A Missionary Who Doesn't Leave Home


Bernice Stropes at her sewing machineBernice StropesORION – At 99 years of age, very few persons are still active missionaries. But for Orion’s Bernice Stropes, her mission work began in her late 80’s.

Inside her home, a second bedroom has been converted into a one-woman sewing operation that has provided clothing for the children of Haiti for more than 10 years. And while Bernice doesn’t leave home, she is making a significant impact in the life of newborns at Grace Children’s Hospital in the Haitian capital city of Port-au-Prince.
With the help of the Midwest Mission Distribution Center in Chatham, Bernice’s boxes of sewing along with other seamstresses across the conference are providing the hospital a steady supply of clothing.
“Bernice is one of the most remarkable women I have ever met,” said Orion UMC pastor David Schultz. “We’ve called her for years our missionary to Haiti and although she hasn’t gone there, she sends her handiwork. Usually, I have occasion to go to Springfield a couple of times a year and whenever I go, I always ask Bernice if there is anything I can take (to the MMMC). She always has a box or two or maybe three for me to take filled with clothing she makes.”
Bernice said she makes a variety of tank tops and shorts for the boys and A-line gowns and shorts for girls based upon patterns which are now available at the Distribution Center. She has also sewn layette gowns for newborns and school bags for school supplies.
MMDC Director Pat Wright, who recently returned from a trip to Haiti, met the head nurse at Grace Hospital, who was well acquainted with Bernice’s handiwork. “The nurse said to me, ‘Thank you for shipping these clothes for the children because without them, they would have nothing,’” Wright said.
Bernice said she was encouraged to hear that her sewing was making a difference. “For some reason, the Lord has kept me going and I need to be doing,” she said. “There’s a lot I cannot do, but this is something I can do.”
“I first heard about the children’s hospital in the 1960’s from an Ohio couple who went there,” Bernice said. “Much of the medical care centered on the treatment of tuberculosis at that time. The couple returned to the United States, sold their farm and returned to Haiti as missionaries.”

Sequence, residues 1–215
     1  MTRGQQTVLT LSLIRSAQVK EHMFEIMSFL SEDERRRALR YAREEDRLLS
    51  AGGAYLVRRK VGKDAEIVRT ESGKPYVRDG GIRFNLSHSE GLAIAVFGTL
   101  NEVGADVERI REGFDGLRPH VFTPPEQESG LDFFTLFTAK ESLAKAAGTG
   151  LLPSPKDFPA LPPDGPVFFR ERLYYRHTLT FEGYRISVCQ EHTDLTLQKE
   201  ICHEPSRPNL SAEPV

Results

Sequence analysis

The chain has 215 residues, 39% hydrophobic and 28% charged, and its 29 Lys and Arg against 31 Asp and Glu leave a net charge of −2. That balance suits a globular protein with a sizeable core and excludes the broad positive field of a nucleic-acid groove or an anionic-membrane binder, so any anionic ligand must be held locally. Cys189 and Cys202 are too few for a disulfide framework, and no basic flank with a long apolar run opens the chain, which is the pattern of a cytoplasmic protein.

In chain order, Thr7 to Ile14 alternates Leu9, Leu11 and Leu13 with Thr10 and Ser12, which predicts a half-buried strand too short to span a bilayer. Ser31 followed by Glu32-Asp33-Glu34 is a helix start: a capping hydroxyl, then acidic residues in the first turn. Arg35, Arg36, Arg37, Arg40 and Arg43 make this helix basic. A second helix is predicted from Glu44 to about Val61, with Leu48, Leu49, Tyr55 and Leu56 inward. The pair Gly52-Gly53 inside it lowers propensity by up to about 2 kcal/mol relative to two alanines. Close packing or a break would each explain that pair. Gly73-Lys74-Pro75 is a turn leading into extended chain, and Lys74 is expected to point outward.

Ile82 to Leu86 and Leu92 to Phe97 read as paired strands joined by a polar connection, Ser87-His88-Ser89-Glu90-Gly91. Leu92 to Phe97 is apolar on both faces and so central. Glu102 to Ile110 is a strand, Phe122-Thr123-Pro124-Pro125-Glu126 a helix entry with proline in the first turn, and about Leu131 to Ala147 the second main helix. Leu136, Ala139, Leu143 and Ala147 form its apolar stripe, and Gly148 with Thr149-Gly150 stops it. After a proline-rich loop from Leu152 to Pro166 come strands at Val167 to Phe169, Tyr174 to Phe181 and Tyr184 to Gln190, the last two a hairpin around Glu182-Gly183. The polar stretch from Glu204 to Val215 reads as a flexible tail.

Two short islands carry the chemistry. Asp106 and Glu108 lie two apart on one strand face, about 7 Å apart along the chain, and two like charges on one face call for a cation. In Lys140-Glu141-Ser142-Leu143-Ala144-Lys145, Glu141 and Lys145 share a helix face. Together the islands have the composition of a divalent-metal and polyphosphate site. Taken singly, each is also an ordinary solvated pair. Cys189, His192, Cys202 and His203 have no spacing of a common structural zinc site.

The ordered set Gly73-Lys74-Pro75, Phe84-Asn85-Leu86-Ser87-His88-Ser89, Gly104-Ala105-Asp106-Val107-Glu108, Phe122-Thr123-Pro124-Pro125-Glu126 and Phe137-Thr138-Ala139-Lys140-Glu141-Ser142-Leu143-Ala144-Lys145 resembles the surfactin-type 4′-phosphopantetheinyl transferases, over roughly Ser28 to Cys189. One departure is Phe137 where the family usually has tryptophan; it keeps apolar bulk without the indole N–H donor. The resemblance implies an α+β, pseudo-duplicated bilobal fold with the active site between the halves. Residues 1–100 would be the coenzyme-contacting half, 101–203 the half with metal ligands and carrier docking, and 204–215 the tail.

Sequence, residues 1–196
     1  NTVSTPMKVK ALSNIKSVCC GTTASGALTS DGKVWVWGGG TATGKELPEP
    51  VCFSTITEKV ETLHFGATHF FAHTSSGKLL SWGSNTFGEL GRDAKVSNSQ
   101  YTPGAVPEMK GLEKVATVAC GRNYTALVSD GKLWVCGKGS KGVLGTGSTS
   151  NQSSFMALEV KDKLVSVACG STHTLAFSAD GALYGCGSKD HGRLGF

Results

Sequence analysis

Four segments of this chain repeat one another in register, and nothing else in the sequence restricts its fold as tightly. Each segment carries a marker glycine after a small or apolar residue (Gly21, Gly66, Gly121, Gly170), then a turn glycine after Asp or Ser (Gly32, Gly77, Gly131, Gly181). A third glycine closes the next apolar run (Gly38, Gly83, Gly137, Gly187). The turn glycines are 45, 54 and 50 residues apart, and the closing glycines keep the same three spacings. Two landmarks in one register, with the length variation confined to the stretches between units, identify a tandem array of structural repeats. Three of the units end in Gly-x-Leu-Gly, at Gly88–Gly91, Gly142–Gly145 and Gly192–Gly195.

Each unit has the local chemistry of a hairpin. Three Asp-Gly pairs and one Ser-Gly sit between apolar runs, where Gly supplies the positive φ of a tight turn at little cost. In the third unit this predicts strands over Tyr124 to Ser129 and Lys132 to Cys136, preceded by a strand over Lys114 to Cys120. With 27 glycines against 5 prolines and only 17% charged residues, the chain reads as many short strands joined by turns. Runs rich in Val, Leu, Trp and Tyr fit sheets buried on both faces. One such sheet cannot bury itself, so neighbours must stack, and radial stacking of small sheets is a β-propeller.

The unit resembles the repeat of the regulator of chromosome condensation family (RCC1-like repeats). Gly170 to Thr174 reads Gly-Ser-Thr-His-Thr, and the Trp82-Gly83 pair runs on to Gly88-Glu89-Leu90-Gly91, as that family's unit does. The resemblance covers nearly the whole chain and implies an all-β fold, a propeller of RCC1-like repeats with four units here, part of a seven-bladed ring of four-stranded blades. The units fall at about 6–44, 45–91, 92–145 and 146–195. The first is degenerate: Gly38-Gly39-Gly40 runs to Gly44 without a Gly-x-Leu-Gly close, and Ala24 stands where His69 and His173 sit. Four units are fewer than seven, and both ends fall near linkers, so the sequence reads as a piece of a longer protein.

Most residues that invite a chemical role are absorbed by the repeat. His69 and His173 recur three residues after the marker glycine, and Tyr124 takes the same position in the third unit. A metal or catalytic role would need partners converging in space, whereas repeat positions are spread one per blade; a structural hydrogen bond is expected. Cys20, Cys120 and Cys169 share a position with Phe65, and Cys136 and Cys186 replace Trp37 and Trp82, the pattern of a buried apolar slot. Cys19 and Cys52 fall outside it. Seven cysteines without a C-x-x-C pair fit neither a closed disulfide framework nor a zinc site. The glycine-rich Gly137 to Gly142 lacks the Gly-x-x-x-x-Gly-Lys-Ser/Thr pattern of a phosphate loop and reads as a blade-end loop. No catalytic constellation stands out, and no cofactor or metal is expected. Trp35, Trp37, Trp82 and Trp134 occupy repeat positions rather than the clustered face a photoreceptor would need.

During this time, Bernice sponsored a Haitian child through World Vision International, but she has lost contact with the child after she moved out of the area. “I still pray for her though,” she said.
Schultz said the Orion congregation has also gotten involved with Bernice’s ministry.  Many in the congregation provide financial help in purchasing material for Bernice or donating supplies.
“She’s an inspiration to us. We watch her and marvel. It’s something that goes beyond her sewing,” he said. “She has a heart for God and a heart for giving. She’s not one who says, ‘I’m retired now.’”
Bernice will celebrate her 100th birthday on Dec. 23 but it is doubtful that she will be slowing down. Schultz said Bernice fell several years ago and she continued sewing – sling and all. And she walks daily at the local Lutheran Church gym. She says she does that in order to keep going. And she also participates in another ministry of the church by driving others to church that would have no other way to get there.
“The way Bernice gives of herself is one of the best examples of extravagant generosity. As a pastor, one of the thing I have tried to do is encourage people to be involved in mission and it doesn’t have to be through a $5 bill or a $20 bill; sometimes it’s a matter of getting out to the mission field and if you can get to the mission field, maybe there are some ways you can get your ministry there through other means and there is no one better at that than Bernice.”